COMMENTARY

The Body and Mind Connection: The Latest Evidence

Nassir Ghaemi, MD, MPH

Disclosures

June 22, 2015

In This Article

Insulin, Inflammation, and the Link Between Body and Mind

At the recent American Psychiatric Association meeting in Toronto, Ontario, Canada, there was a presidential symposium[1] on how the mind affects the body and the body affects the mind—specifically, in terms of inflammation, depression, drugs, and disease.

The first presenter was Dr Roger S. McIntyre, professor of psychiatry and pharmacology, University of Toronto. His topic was "Cellular Energetics and Inflammation: Implications for Disease Modeling Opportunities for Common Connectopathies."

Dr McIntyre began by noting that from 1999 to 2009, mortality in bipolar illness and depression increased rather than decreased. Cognitive impairment may be an important barrier to health outcomes in mood illnesses. He noted that diabetes increases the risk for mild cognitive impairment (MCI). A new meta-analysis by his group showed that A1c is associated inversely with scores on the digit symbol substitution test, a measure of cognitive function; obesity also correlates with this measure. The Diabetes and Aging Study[2] showed that having both depression and diabetes markedly increased the risk for MCI, after correction for age, sex, and some clinical variables.

Insulin is a neurotrophic factor that has a major role in inhibiting apoptosis or cell death. Once it enters the brain, it is a critical neuropeptide. Ten percent to 20% of cases of Alzheimer disease are estimated to be the result of diabetes. Amyloid has proinflammatory and insulin-resistant effects—so once the process of dementia starts, the absence of insulin may hasten it.

Obesity also has been associated with reduced white-matter integrity, while insulin may be critical to normal brain circuitry. It's interesting to think that these biological relationships might have been the basis for past observation of benefit with insulin coma therapy in psychiatry in the early to mid-20th century. Recent studies indicate that intranasal insulin improves measures of cognitive function in amnestic MCI.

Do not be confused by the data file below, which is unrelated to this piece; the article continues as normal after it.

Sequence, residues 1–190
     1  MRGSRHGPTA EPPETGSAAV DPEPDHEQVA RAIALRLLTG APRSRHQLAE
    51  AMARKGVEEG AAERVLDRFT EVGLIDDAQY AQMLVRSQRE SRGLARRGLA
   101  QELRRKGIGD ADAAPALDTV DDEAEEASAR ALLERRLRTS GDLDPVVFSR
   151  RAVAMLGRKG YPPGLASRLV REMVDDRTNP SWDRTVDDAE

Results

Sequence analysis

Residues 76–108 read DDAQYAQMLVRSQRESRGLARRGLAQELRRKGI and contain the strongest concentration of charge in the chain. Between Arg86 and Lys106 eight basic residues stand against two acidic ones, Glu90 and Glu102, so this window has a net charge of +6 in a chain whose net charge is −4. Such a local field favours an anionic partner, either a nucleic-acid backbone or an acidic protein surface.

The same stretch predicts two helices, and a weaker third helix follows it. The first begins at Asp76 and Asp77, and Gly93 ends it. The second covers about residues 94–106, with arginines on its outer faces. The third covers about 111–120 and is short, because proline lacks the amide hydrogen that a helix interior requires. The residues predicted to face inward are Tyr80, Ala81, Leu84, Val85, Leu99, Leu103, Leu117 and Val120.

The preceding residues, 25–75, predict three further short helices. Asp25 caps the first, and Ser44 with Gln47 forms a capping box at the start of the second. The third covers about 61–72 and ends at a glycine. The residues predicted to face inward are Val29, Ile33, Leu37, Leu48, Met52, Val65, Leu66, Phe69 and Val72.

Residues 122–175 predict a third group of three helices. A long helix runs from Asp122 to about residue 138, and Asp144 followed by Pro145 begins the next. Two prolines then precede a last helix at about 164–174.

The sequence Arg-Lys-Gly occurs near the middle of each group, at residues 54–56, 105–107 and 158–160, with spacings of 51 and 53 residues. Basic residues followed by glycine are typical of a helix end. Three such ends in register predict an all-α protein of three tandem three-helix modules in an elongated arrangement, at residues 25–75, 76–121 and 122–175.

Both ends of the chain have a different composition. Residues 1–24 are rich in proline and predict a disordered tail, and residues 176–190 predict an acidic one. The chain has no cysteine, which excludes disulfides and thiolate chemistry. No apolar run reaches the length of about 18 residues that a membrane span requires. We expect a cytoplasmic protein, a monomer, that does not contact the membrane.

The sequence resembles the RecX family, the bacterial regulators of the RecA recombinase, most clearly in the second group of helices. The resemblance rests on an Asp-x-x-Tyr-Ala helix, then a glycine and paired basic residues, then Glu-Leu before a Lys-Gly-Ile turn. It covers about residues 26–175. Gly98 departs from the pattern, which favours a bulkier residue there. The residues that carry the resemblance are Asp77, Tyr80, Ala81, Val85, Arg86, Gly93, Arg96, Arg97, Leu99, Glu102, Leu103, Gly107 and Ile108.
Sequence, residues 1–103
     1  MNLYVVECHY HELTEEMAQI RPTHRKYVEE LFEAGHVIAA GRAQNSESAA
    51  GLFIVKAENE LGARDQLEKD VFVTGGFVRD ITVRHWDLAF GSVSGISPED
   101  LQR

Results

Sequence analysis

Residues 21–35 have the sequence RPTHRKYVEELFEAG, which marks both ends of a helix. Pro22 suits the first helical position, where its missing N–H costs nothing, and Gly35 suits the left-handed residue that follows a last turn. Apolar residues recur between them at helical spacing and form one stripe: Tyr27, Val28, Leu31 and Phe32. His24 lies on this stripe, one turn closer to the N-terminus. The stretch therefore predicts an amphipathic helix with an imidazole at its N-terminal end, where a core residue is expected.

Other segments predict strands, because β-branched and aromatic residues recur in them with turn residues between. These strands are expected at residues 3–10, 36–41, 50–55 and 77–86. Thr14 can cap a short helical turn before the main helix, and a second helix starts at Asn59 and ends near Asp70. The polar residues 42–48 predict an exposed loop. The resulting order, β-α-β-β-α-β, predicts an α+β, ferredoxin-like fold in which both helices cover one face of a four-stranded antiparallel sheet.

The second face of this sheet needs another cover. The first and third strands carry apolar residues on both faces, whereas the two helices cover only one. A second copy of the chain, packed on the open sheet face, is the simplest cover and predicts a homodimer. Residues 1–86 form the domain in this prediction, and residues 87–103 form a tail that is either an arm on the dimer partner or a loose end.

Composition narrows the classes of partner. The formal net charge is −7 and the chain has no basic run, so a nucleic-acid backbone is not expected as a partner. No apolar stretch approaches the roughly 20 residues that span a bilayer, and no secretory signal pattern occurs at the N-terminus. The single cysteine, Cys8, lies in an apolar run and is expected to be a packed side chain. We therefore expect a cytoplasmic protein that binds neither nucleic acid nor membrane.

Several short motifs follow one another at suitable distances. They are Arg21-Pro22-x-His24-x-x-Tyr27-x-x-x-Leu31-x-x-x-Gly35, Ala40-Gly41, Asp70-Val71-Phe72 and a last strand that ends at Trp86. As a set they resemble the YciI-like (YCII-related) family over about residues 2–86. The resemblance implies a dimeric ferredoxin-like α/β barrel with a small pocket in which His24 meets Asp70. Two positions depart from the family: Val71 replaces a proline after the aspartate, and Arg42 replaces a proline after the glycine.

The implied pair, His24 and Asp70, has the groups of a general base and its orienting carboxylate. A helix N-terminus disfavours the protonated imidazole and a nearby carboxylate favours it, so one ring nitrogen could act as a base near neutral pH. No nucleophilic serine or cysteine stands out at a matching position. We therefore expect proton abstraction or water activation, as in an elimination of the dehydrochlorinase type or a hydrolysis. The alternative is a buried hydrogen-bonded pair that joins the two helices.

Glucagon-like peptide I is a drug given for diabetes, which is an insulin secretagogue. In the brain, it improves cognition in rat models. It gets into the brain much more effectively than other exogenously administered neurotrophic factors, such as brain-derived neurotrophic factor. It may have some potential as a new mood treatment.

Dr McIntyre also noted that obesity-related inflammation may be an important mechanism of worsening mood illnesses. The mechanism for how inflammation may worsen mood illness has to do with the kynurenine system. Tryptophan converts into kynurenine instead of serotonin under pathologic conditions of inflammation, which then produces harmful effects (via metabolites that are proinflammatory cytokines, such as quinolinic acid) that are directly toxic to dopaminergic neurons. Obese bipolar patients have been shown to have more kynurenine peripherally than nonobese bipolar patients, who are similar to healthy controls.

Minocycline, an antibiotic used for acne, improves executive function in schizophrenia.[3] A recent unpublished study by Dr McIntyre's group found that minocycline also improved bipolar depression in 27 persons, for both depressive and cognitive symptoms.[4]

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